Views: If any deals going to be done it will most likely come before Monday, as players acquired after August 31st aren’t eligible for the post-season. So don’t be surprised if Melvin, who says he’s not trading any veterans, is bluffing here. He may not be getting a deal he likes now, but if teams like the Rockies or Giants slip a few games back of the Dodgers in the coming days, they might get desperate and offer a deal Brewer management can’t refuse. One thing is clear, however. As this team fades into the sunset once again, they will have to seriously considering shaking up their future core. They have Braun locked up, but guys like Fielder, Hart, Hardy all should be trade chips for young, durable pitching, because they won’t be competitive again until they get some.
May 24, 2009
Tuning in to my local sports radio station last week, as I regularly do on weekdays at 3:15 P.M. I was blind to the fact the Padres and White Sox had struck an agreement that would send Jake Peavy to the Windy City’s South Side. However, rumor had it Peavy was more than likely going to nix the deal. Simultaneously, a deal between the Brewers and Padres had been unofficially announced, and speculation was that it involved the ace. And because Peavy has stated he’s wanted to stay in the NL it only got hopes up even higher, only to crush them after it was reported to be a mere swapping of Tony Gwynn Jr. and Jody Gerut. In recent days, the whispers have led many to question: how crazy would the Brewers’s front-office be if they decided to go after Jake Peavy (AKA, to do this all over again)?
A lot of fans have criticized Doug Melvin the past few years for expending the team’s farm system: first, grabbing reliever Scott Linebrink from the Padres for three players in 2007, and then C.C. Sabathia from the Indians for four players, including their top prospect Matt LaPorta, last year. Criticism against the trades argued both Linebrink and Sabathia were “rentals,” and both essentially were being acquired in July. However, in retrospect, how much did the team actually lose? Yes, the 2007 deal didn’t bring the team’s playoff aspirations to fruition, however, as a Level-A free-agent, the team was able to pick up two high draft picks in exchange for Linebrink’s big contract signing with the White Sox: LHP Evan Fredrickson and 2B Cutter Dykstra. And Sabathia not only carried the Brewers back to the playoffs after a 26-year absence, but the team will again receive a sandwich pick between and the first and second rounds as well as the Yankee’s second round pick for his signing of an 8-year, $180 deal with the Bronx Bombers. If you ask me, the reward outweighed the risk.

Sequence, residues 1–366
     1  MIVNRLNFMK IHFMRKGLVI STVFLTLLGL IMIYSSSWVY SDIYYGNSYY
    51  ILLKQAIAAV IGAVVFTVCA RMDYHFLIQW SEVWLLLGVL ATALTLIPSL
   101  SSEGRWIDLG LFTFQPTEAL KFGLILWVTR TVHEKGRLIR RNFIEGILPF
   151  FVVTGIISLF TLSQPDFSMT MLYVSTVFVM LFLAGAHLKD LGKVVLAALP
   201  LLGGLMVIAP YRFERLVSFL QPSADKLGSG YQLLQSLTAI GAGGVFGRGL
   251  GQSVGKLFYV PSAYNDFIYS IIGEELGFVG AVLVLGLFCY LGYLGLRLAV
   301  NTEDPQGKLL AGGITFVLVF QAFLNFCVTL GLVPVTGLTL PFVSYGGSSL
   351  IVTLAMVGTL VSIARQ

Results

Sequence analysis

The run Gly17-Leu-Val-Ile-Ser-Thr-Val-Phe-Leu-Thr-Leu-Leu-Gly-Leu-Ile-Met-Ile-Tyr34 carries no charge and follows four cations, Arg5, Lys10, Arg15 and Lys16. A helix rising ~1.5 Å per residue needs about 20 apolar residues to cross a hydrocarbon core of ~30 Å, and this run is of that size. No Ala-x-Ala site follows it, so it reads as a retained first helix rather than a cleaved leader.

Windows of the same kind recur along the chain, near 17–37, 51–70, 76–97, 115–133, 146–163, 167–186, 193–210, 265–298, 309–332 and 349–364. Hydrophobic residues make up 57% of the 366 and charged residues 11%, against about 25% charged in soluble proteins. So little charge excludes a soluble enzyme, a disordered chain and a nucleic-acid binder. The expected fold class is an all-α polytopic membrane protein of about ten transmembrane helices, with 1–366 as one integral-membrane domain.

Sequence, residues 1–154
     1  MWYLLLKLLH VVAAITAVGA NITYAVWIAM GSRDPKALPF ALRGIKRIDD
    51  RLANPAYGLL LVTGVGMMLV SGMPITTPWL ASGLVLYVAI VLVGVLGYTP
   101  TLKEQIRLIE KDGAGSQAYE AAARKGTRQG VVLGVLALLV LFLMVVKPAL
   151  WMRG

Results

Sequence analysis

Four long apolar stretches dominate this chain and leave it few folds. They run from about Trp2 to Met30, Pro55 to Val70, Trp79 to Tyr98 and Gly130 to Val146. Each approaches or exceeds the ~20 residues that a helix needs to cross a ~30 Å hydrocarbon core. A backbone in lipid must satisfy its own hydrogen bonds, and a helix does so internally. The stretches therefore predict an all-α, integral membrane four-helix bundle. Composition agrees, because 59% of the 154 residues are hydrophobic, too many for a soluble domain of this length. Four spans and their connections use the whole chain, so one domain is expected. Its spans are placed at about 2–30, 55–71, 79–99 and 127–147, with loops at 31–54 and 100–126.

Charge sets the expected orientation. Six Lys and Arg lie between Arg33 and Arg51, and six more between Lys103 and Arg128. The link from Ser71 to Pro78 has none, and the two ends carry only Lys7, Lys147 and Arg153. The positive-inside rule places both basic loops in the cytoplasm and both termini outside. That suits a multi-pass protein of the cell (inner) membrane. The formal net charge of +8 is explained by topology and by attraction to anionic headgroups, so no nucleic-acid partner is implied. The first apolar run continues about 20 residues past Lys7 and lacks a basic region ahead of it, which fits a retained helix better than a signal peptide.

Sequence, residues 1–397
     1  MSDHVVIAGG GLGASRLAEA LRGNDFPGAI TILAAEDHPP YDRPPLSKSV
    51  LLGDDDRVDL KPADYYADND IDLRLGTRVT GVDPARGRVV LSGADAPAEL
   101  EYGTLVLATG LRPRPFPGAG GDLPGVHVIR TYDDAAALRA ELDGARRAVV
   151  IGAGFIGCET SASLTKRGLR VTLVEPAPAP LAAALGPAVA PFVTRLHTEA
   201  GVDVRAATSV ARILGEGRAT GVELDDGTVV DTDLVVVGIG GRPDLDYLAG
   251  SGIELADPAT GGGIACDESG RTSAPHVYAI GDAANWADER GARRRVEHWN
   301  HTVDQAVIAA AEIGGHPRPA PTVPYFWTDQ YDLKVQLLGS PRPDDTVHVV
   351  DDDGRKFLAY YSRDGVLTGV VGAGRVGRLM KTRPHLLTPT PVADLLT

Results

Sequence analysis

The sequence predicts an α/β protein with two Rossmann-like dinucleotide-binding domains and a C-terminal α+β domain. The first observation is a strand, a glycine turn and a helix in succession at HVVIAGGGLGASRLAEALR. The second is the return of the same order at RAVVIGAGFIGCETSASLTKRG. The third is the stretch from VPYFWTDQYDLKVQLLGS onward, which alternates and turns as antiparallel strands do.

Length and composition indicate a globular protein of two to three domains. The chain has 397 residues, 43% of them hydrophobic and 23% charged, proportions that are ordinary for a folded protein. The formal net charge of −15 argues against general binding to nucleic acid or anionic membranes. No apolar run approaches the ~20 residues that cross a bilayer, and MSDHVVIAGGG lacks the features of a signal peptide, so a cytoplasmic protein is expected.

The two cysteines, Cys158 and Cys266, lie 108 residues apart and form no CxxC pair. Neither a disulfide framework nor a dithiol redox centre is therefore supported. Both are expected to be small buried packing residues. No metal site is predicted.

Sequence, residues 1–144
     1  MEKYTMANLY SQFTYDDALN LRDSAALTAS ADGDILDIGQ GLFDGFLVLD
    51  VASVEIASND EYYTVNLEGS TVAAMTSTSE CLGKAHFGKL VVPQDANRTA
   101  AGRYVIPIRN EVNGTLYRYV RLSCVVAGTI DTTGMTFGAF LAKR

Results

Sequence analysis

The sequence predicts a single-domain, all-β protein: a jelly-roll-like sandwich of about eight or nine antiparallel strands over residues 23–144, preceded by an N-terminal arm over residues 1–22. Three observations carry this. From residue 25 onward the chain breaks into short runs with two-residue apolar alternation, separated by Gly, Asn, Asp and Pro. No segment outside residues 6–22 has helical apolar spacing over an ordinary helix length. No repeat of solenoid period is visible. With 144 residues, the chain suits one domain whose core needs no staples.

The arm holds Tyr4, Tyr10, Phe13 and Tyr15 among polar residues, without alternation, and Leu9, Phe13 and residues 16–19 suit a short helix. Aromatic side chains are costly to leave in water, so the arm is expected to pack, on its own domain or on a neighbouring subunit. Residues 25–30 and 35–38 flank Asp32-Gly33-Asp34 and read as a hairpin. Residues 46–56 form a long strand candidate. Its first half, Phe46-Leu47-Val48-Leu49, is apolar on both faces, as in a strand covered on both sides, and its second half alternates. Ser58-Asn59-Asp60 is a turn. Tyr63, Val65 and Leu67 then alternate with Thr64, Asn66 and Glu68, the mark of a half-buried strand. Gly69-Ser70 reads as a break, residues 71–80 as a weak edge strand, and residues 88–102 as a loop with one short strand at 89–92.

How does the Peavy speculation tie into all this? Well, for one thing, while C.C. was due to be a free-agent in ’09, the 27 year-old Peavy will be under contract through 2012 with a club option for 2013 before he can become a free-agent in 2014. The Brewers, who hope to be in contention for a division title this year, may wind up being in a similar position as last year. Pitching will be at a premium yet again, and while the team’s bullpen has been stellar thus far, will it hold up? Scooping up Peavy now would not only fortify the club’s rotation, but perhaps more importantly prevent the Cubs from being in the running for his services come the All-Star Break. Having former-teammate Trevor Hoffman close games for him again might be a good omen for the Milwaukee’s chances to land him, too.